They are often said to be the best years of your life, but how different is it to be in your 20s now, than 10 or 20 years ago?
Thomas Tozer is 25 and lives in London. His twin brother also lives in the city. They meet up every week but he would not consider him one of his closest friends.
And Thomas is not alone.
A new index which looks at people’s wellbeing has found that 20 to 29-year-olds today are feeling more distant from their family and close friends than 20-somethings were in the previous two decades.
They are also less likely to feel a sense of belonging in their community and wider society.
Originally from Devon, Thomas says his closest friends now are ones he’s met in the last five years.
He lives with one of them and another he’s in touch with every day via Whatsapp.
“Unless social media is backed up by seeing each other, it kind of peters out and starts to feel a bit hollow,” the York graduate said.
Young adults in 2015 were 80% less likely to say one of their three closest friends was a relative than those in 1995. This was used by the index to measure the quality of family relationships.
“If I had a problem, or was upset, I wouldn’t go to my parents, I’d speak to my friends,” Thomas said.
Thomas’s mother, Caroline Montague, has a different experience.
“My father was definitely my best friend. He was always there,” the 64-year-old said, thinking back to her 20s.
Caroline spent her 20s living in Bristol, before moving to Bath. At 20, she had got a job as a trainee travel clerk and lived above the travel agents – about two miles from her father’s house.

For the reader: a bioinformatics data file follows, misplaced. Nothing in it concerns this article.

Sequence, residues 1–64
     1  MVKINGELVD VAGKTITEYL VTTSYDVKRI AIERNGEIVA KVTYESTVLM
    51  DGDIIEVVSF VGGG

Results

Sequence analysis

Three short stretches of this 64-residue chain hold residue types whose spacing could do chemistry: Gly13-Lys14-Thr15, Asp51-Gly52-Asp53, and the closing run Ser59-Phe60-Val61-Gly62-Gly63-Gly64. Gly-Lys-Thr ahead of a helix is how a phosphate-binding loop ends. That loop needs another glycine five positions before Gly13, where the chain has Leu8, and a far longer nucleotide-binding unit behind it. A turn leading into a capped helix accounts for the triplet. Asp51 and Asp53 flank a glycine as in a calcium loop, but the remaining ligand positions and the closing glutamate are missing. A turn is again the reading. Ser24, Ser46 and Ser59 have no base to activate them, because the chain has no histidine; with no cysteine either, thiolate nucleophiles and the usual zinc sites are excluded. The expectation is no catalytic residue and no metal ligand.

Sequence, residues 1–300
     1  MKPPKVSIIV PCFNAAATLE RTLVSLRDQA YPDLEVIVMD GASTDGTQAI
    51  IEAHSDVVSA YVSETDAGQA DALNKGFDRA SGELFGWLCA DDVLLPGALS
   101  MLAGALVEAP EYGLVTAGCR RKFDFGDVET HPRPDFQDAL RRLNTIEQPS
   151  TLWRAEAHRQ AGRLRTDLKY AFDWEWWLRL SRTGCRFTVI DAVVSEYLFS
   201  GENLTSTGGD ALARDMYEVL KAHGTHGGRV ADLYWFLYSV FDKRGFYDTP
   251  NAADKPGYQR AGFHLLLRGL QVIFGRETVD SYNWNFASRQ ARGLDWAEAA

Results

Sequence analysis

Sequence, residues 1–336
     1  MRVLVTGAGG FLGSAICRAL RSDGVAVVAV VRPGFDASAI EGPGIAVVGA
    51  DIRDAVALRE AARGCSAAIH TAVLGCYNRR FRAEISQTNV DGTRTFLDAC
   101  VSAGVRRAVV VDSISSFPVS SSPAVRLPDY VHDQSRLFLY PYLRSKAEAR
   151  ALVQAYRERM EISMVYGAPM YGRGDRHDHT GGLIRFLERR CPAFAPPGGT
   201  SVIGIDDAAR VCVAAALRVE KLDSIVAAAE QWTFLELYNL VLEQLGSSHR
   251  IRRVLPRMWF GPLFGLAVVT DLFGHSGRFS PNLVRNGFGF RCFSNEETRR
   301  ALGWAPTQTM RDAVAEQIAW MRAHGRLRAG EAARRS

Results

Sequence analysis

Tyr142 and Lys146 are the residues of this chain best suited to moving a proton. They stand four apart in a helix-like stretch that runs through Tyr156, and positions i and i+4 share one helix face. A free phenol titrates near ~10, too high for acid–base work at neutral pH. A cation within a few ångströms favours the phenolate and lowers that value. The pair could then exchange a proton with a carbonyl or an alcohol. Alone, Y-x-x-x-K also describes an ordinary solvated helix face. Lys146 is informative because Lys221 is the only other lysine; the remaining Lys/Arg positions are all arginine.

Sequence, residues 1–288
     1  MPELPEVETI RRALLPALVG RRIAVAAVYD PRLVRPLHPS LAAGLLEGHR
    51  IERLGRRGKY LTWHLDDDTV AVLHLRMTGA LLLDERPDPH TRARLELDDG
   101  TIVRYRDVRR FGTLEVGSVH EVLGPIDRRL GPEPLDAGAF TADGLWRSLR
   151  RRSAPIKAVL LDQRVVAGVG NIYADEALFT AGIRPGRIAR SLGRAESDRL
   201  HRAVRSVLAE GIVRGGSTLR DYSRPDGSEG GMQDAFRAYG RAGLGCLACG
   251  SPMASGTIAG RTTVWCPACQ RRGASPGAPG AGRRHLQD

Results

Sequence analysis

“My life was basically work,” she said. “I had a mortgage but worked seven days a week to pay for it – with a bar job at the weekend. I had a lot of responsibility from the word go. I got myself from the bottom to management.”
Place and family were crucial to her sense of belonging at that time.
“I loved where I lived and definitely felt I belonged. For me, I never properly left home until I was in my 30s,” she said.
For Thomas, belonging comes from his practice of Buddhism.
“It’s an important part of my life and identity. It defines a lot of who I am,” he said. “Without that I wouldn’t feel explicitly connected to London or home (Devon).”
So-called “belonging wellbeing” declined by 32% between 2005 and 2015.
The index puts this down to falls in volunteering, being part of a religion and an interest in politics, which the foundation says are activities associated with a sense of belonging.
How do you measure wellbeing?
The Intergenerational Foundation – an independent think tank focused on fairness between generations – has used data from large panel surveys to create an Index of Wellbeing.
Five different wellbeing areas were taken into account – relationships, economics, health, personal environment and belonging – at three different snap-shots in time: 1995, 2005 and 2015 for people aged 20 to 29 at each of these points.
More than 1,500 people in each wave were then scored on their wellbeing.
The index also found close friendships declined between the 2005 and 2015 cohorts of 20-somethings – falling 6% in 10 years, despite rises in social media in the same period.
This was measured by asking how often people are in touch with their three closest friends.
Angus Hanton, co-founder of the Intergenerational Foundation, said the cracks appearing in this generation’s closest relationships and sense of belonging should be of concern to everyone.
But the index doesn’t tell everyone’s story.